Saturday 26 November 2016

"The world in general is certainly poorer and more ordinary without him"

Leading the news on Today this morning was the following 'breaking news':
The Cuban leader Fidel Castro, a towering figure of the Cold War who became a symbol of revolution and defiance, has died at the age of 90. 
The BBC's world affairs editor John Simpson then gave us his assessment of Castro's legacy: 
With Castro's passing an entire aged has died. Like the cars and buildings of Havana, perfectly preserved from the early 1950s, Castro represented an unaltered line of resistance, not just to Americanism but also to most of the changes which have swept through our world - from the collapse of Marxism-Leninism to market economics and the fostering of civil society. Inevitably, Castro was far more popular outside Cuba than he was at home. For the world he was a magnificent figure defiant in his loneliness. Large numbers of Cubans found the isolation and the dogmatic refusal to change deeply wearing. Most would have have liked something less heroic and most basically satisfying. He let his supporters down continually by assaults on freedom of speech and action, yet he turned Cuba from being a nasty, corrupt dictatorship to a proud and in many ways more decent society. To meet him, as I did, was to get a taste of the impossible glamour which surrounded him. Whether Cuba will now be a better place is far from clear but the world in general is certainly poorer and more ordinary without him.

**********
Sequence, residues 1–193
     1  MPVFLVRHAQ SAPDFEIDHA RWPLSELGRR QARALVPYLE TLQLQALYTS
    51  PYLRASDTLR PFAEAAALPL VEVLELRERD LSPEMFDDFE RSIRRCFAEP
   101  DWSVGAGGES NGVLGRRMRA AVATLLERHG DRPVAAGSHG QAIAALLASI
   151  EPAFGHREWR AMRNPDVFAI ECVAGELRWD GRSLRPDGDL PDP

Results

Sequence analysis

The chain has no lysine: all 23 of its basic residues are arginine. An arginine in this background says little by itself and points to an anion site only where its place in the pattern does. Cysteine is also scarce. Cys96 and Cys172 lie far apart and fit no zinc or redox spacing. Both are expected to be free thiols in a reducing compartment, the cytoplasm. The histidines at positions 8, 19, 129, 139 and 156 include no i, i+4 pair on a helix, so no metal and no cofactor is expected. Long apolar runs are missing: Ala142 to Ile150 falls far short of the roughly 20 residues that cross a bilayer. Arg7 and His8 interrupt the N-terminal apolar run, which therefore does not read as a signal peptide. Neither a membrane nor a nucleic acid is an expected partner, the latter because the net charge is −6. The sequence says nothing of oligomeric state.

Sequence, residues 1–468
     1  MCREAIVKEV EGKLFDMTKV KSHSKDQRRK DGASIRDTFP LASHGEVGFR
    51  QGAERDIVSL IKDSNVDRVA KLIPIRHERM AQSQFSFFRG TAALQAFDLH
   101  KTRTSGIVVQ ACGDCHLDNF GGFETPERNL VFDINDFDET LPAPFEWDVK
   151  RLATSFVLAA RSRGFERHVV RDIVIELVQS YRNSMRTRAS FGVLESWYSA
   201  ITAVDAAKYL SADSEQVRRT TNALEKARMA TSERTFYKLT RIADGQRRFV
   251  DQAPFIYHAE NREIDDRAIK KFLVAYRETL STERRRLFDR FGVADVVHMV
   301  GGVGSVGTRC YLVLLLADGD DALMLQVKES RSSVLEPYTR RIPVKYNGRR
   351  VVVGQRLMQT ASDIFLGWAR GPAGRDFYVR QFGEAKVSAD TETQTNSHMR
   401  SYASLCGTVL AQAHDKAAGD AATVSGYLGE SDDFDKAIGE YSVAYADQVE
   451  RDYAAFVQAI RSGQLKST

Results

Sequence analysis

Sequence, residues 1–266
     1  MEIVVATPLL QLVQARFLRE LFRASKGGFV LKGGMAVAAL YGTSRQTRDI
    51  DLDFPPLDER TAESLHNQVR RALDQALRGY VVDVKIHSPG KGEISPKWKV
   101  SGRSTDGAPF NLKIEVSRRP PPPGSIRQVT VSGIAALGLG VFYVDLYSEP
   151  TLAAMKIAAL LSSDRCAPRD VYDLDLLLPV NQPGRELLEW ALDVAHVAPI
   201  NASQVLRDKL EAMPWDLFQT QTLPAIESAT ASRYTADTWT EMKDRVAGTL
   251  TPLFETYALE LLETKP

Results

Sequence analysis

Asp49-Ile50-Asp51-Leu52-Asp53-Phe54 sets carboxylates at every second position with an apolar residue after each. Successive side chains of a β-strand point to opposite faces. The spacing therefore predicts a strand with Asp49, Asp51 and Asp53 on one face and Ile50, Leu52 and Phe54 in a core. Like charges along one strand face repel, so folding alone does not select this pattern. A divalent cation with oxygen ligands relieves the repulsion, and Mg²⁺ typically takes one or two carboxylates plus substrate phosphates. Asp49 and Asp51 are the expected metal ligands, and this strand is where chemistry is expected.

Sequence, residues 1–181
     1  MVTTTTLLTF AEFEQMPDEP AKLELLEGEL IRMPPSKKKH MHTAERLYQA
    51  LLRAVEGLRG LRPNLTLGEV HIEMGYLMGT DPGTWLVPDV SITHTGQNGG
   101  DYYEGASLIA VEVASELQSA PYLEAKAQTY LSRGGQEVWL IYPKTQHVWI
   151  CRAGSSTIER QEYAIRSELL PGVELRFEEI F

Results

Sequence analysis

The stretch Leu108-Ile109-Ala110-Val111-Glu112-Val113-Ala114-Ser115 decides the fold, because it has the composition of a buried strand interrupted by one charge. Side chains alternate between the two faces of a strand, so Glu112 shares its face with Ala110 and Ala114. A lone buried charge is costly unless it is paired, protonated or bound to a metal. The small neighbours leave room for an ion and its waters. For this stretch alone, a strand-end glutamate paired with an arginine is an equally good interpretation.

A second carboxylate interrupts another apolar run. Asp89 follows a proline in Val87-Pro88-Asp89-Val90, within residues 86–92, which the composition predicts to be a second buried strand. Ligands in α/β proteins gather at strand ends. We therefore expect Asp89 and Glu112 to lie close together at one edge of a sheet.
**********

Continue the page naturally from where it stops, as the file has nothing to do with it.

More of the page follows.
That closing sentence has already provoked the following exchange on Twitter (click to enlarge):


  1. TBH I don't know a lot about him or Cuba but a quick Google would suggest that he was less than friendly towards opponents, religion, free speech, LGBT groups as well as being a communist dictator.

    So all fairly standard things that the BBC turn a blind eye to in groups they support.

  2. Big banner headline showing Castro on the BBC News website - I think the last one with importance equal to this in the BBC mind was on the occasion of the High Court ruling about Brexit.

  3. The BBC's pastiched characterisation of Castro as some sort of likeable rogue or folk-hero is well wide of the mark.

  4. Simpson obviously meant it both ways.


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